By THE ASSOCIATED PRESS | APRIL 22, 2016
ALBANY, N.Y. — New York environmental regulators have rejected a critical permit needed for a major natural gas pipeline project, saying the project fails to meet standards that protect hundreds of streams, wetlands and other water resources in its path.
The Department of Environmental Conservation said Friday it won’t issue a water quality permit for the 124-mile Constitution Pipeline from Pennsylvania’s shale gas fields to eastern New York. The agency said the project’s construction would affect 251 streams and 500 acres of valuable forest as well as extensive wetlands.
The Federal Energy Regulatory Commission approved the pipeline project in 2014 contingent on the state permit, which is required by the federal Clean Water Act. The project had all needed permits for a segment in Pennsylvania and had already cleared trees there in preparation for construction.
Constitution Pipeline Company, a partnership formed by Cabot Oil & Gas, Williams Partners and Piedmont Natural Gas Company, can appeal the state decision to the U.S. Circuit Court of Appeals.
“We are very disappointed by today’s decision,” Constitution spokesman Christopher Stockton said. “We remain absolutely committed to building this important energy infrastructure project.”
Stockton said the partners will decide whether to appeal after they finish analyzing the state’s rationale for the denial.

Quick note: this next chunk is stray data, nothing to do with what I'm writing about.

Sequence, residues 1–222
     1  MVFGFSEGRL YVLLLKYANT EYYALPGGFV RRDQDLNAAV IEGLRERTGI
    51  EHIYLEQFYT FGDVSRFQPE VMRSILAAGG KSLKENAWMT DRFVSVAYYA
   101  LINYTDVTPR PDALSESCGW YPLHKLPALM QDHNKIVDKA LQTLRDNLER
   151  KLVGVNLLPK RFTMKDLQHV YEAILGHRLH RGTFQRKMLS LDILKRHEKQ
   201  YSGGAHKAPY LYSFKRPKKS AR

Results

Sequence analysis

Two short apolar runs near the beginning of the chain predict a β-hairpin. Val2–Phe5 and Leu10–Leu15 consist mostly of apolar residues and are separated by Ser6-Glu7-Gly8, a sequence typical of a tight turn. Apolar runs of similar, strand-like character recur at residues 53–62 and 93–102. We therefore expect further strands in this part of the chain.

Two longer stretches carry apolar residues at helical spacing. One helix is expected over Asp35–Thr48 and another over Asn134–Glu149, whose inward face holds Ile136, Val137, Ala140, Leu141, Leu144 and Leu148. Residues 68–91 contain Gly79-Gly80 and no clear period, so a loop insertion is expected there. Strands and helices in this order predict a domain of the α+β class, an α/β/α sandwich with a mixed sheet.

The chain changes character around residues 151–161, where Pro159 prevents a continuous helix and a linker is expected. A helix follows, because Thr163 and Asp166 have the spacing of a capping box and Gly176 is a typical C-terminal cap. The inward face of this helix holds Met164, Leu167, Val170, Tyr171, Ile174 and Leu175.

The decision comes two days after Kinder Morgan Inc. announced it was mothballing its planned Northeast Energy Direct pipeline, which would have followed some of the same route as Constitution. Kinder Morgan, which was earlier in the FERC process, cited economic reasons for its decision.
After Gov. Andrew Cuomo banned hydraulic fracturing for shale gas in 2014, environmentalists turned their efforts to defeating pipelines and other energy infrastructure projects. They and community groups pressed Cuomo to decline the state permit for the Constitution Pipeline.
“Cuomo’s leadership could inspire a domino effect of related pipeline rejections as other states begin to put the protection of water and our climate before flawed energy projects that do not serve the public interest,” said Roger Downs of the Sierra Club’s Atlantic Chapter.
But some local officials, labor groups and business interests argue the pipeline is essential since New York has been increasing its natural gas consumption.
“We are incredibly disappointed that the administration allowed fear-mongering to once again lead the way,” said Heather Briccetti, president of The Business Council of New York State. She said the decision “will have a direct and immediate negative impact on our state’s economy.”
The Department of Environmental Conservation said that in addition to its review of Constitution’s application and supporting materials, the agency also considered more than 15,000 public comments before reaching its decision.